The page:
Dealing with unemployment: Retraining workers in Wales
When the government announced their plans for spending cuts within the civil service, the people of Wales may have felt the most worried.
South Wales is home to a number of government departments - the Passport and Patents offices in Newport, the Land Registry and DVLA in Swansea, not to mention the thousands of people employed in medical and police services.
In west Wales and the Valleys more than 30% of jobs are within the public sector.
Making the move from public to private business - many for the first time - can be intimidating.
Alan Dowler, who works both with Cardiff University and with the E-Academy, which provides IT training for people changing careers, says both businesses and staff had to adapt.
"It's a question of changing attitudes," he says. "Private sector employers round here think that public sector folk don't have the right mindset. And for the workers themselves, they're often demoralised."
Mr Dowler says he knows of an accountancy firm that would not even interview people who had moved out of the public sector as they believed they were not cut out for working with business.
But he adds that the opportunities in Wales are wider than many people imagine.
And that was what we had come to south Wales to see. When we arrived just before 0600 the Gotcha International Academy in Pontyclun was already bustling.
The early morning boot camp was in full swing, as locals got their fitness fix before work. But upstairs, in the gym, former military and police force workers were getting re-trained to work as security personnel.
Richard Spencer from International Security Star Alliance was putting them through their paces.
"We're teaching these guys knife and gun disarmament skills. The guys that come here end up working in private security for the maritime industry or door security on clubs," he says.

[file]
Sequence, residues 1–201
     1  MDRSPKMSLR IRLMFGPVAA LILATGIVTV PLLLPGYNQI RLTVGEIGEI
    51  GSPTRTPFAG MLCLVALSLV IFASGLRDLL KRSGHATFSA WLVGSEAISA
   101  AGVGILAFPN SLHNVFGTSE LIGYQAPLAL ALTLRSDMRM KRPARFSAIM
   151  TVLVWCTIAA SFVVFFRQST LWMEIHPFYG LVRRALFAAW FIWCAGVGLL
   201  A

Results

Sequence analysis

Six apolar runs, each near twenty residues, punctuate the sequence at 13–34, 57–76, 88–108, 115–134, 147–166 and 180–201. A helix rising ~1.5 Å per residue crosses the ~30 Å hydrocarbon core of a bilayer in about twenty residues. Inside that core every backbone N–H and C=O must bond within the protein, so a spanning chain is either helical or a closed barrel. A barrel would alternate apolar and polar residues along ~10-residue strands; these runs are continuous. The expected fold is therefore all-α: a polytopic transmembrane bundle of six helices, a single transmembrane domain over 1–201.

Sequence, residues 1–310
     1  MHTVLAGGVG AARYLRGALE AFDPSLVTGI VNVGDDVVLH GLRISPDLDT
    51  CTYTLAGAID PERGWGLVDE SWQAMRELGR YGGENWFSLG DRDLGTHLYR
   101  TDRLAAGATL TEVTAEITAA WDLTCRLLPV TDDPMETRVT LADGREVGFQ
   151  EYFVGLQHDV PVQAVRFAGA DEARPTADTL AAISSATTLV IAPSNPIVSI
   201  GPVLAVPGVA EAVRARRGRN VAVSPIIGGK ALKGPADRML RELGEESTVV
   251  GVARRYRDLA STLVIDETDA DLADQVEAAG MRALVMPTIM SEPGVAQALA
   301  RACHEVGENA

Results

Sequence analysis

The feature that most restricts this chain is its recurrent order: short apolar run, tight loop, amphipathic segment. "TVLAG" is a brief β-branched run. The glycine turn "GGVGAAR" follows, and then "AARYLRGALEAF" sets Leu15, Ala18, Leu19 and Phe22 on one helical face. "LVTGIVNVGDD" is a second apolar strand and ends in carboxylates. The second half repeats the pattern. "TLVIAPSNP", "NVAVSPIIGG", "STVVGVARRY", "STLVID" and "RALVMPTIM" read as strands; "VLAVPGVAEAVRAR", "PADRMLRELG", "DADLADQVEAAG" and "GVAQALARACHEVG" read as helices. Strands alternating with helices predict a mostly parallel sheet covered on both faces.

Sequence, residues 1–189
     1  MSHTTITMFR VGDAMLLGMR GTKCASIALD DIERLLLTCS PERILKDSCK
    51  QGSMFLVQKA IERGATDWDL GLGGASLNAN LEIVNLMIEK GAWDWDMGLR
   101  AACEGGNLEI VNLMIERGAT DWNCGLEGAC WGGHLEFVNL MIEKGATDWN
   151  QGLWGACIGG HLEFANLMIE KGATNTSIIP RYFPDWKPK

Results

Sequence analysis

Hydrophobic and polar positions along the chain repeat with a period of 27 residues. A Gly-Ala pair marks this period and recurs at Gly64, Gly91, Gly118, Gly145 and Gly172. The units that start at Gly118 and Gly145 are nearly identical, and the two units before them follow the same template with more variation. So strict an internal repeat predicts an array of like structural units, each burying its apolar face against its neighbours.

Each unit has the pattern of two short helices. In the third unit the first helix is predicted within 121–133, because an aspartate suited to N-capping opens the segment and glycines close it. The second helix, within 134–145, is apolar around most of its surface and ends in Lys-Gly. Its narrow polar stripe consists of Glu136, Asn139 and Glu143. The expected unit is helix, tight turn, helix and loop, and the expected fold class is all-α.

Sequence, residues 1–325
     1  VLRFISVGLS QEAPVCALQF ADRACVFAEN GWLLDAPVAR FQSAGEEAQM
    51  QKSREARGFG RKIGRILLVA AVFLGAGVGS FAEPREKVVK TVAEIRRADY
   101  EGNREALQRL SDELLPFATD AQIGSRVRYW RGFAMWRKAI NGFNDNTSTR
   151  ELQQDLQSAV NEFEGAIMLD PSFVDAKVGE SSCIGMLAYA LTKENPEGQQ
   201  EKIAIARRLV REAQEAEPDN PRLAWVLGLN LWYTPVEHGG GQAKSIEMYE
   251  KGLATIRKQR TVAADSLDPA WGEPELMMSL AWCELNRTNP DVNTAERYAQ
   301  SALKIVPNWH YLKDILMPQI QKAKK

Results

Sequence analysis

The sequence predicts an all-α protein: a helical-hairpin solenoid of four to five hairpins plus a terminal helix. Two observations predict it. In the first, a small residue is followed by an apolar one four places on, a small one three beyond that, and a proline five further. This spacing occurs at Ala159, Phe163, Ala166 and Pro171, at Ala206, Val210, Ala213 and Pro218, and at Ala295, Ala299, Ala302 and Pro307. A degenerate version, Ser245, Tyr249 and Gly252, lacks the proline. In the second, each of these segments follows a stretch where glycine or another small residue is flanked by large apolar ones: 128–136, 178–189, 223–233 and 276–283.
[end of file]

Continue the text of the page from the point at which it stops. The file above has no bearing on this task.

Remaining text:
"There's work for them all over the world - Dubai, the United States, Australia."
Gotcha has seen more than 80 ex-military or police workers pass through their doors since Christmas and take on positions with private security firms.
The boss, Julian Wilde-Davies, expects the government cuts will mean they see more and more people turning to them.
"When people come they are often very downbeat," he says. "They're worried they don't have a life and it's really hard to sit down and plan a new one."
'Open to anything'
That is the challenge facing Susan Jackson, 60, who worked in a police station in Newport for 22 years.
Even though she has known for some time that she will be out of work by the end of August, she has still not found a job.
"I'm open to anything - I'm happy to retrain," she says. "I think it's my age that's against me, but I'm not ready to hang my boots up yet. I want to work."
Wales is not alone in this trend. Across the UK, areas once renowned for heavy industry and manufacturing moved on to become dependent on government-linked employment.
More than 700,000 of these roles are scheduled to disappear by 2017 and it can only be hoped that support remains for those who have to move on.